“The emancipation of the working class will only be achieved by the working class itself.” — Karl Marx
Aug 5, 2019
Translated from Lutte Ouvrière (Workers’ Struggle), the newspaper of the revolutionary workers’ group active in France.
Emyra, the head of the Wayapi people in Brazil, was murdered by a band of gold miners on July 23. They also occupied the village and kicked out the inhabitants. Even though police were sent to investigate, many view the crime as a consequence of Brazilian President Bolsonaro’s policy of treating Indians as parasites who block the modern and profitable exploitation of natural resources.
The Wayapi live in the mountains at the northern border of Brazil’s state of Amapá. The region has lots of gold and attracts gold prospectors called garimpeiros, desperate people ready to do anything in the hope of striking gold. They bring the Indians violence, prostitution, deadly measles outbreaks, and pollution of the rivers with mercury. They take over territory by terrorizing and hunting the Indians, killing those who resist or who might resist.
But the prospectors are only the first wave of colonizers. Once an area is cleared of its Indians and the gold veins are exhausted, then the serious operators show up. Loggers cut down and haul away valuable lumber, clearing the native forest and making room for cattle ranching or soybean and sugar cane plantations. For these agribusiness capitalists and gold diggers, “The only good Indian is a dead Indian.”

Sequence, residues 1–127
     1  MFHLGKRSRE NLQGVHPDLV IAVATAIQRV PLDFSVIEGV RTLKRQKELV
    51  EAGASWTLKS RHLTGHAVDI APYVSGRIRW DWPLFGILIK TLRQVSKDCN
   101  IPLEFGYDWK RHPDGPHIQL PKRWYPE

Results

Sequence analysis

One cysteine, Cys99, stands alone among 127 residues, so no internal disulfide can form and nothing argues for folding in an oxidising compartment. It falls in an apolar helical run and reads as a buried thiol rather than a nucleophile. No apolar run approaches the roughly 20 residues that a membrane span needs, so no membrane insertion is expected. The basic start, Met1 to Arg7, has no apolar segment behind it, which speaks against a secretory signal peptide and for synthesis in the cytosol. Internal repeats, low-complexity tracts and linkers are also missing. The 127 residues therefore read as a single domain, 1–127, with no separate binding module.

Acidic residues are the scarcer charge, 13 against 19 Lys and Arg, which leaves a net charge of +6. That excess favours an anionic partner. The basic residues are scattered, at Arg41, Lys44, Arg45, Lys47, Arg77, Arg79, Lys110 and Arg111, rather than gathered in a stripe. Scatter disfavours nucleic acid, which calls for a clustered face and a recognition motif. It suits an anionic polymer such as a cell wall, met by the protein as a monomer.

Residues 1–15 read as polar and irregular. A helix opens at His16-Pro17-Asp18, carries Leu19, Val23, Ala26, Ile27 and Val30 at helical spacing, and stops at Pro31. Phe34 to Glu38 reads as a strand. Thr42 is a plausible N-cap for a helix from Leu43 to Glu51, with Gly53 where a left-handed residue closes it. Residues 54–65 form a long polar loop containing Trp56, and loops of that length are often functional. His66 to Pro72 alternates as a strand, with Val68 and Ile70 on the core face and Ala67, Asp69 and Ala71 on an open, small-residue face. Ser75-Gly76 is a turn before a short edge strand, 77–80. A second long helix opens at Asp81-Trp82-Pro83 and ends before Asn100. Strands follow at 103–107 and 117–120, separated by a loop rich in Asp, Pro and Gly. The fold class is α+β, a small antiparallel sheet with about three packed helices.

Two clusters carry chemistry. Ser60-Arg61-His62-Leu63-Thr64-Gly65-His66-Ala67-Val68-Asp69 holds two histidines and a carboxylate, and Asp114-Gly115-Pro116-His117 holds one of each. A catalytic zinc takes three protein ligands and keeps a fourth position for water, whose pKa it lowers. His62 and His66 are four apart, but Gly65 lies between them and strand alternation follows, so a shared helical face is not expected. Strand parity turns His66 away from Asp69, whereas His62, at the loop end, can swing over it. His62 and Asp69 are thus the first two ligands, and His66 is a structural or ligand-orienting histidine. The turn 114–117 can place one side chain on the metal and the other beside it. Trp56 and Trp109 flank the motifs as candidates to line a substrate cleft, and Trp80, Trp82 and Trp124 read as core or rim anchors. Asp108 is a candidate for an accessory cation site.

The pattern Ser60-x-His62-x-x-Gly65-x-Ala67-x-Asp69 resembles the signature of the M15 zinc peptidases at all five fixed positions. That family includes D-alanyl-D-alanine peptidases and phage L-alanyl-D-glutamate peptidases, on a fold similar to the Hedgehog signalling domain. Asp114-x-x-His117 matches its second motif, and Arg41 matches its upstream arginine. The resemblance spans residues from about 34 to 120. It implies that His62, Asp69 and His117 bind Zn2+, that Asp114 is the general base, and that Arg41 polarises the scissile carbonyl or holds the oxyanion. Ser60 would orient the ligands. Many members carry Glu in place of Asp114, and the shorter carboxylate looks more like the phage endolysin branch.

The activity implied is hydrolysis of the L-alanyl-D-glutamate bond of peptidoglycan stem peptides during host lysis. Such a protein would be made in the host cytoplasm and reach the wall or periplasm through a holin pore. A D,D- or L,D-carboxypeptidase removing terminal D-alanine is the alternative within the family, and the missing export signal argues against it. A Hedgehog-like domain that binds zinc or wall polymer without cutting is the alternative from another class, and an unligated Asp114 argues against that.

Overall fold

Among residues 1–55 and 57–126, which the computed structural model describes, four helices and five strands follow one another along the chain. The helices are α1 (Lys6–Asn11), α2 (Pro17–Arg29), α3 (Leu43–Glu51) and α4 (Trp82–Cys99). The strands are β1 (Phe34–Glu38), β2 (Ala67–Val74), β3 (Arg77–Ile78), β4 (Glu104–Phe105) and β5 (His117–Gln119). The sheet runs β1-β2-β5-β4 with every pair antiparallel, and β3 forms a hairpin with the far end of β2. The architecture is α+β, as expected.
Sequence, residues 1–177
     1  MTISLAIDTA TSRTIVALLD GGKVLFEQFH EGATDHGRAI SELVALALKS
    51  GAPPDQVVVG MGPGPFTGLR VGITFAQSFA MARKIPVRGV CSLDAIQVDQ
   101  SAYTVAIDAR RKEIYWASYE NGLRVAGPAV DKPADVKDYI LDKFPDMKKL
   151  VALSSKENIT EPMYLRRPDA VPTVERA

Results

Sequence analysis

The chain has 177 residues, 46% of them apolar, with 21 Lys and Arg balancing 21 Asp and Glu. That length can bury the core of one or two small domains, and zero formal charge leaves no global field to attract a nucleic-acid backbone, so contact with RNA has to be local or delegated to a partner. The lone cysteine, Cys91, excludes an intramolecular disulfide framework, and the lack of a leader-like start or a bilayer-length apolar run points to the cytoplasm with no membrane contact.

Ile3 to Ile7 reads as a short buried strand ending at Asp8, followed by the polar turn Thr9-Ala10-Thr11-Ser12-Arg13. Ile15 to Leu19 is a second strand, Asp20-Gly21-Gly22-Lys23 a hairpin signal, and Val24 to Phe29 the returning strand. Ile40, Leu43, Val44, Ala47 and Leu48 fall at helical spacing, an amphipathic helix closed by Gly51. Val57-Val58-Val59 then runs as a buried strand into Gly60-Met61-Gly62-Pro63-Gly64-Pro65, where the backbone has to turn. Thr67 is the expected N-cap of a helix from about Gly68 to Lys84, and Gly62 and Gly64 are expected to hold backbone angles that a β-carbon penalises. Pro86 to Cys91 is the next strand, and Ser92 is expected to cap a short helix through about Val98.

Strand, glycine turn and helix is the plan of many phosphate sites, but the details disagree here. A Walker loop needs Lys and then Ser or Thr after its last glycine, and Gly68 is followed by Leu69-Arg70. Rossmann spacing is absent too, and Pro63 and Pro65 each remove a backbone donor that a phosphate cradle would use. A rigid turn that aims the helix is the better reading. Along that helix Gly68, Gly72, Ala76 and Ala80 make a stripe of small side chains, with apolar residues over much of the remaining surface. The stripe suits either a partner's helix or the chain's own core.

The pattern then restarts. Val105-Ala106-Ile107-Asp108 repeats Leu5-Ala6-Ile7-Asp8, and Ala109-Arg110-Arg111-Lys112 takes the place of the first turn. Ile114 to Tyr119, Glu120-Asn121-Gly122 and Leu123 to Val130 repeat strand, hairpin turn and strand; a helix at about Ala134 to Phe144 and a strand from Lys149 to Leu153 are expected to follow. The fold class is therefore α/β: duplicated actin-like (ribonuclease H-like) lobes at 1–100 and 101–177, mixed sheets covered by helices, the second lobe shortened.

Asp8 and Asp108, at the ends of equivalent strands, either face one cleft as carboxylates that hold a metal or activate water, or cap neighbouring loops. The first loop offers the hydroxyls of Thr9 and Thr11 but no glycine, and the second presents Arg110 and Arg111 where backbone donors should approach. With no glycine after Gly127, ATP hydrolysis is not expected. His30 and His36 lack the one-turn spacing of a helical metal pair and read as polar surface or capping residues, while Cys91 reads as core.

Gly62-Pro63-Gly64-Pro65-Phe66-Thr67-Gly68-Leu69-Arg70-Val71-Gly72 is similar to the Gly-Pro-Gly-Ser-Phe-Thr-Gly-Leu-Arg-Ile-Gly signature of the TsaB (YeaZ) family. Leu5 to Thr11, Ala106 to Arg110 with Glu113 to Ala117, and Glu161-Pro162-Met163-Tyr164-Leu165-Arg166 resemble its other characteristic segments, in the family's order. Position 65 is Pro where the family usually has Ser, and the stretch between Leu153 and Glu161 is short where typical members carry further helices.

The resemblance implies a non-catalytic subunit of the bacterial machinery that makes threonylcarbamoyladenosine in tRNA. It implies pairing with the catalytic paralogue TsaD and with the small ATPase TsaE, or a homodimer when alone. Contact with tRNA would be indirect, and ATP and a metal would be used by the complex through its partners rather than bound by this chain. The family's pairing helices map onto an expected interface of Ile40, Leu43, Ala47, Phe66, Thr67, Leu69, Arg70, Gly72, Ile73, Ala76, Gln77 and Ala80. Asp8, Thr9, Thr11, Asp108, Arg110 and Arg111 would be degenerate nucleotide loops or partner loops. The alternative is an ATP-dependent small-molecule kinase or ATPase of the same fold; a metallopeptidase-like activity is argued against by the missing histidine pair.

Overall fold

The process of expropriating and exterminating Indian survivors of the Portuguese Conquest of Brazil has gone on since the rubber boom of the late 1800s. Soldiers during the dictatorship of the generals facilitated it by building a highway across the Amazon rainforest. The return to civilian government in 1985 and the coming to power of the Workers Party in 2002 did not stop it. Far from opposing deforestation, Workers Party President Lula went so far as to call the Amazon sugar cane plantation landlords heroes.
Today Bolsonaro only adds his cynical frankness to this policy. The few institutions said to protect the Indians have never protected them or their land from the intrusions of capitalist predators.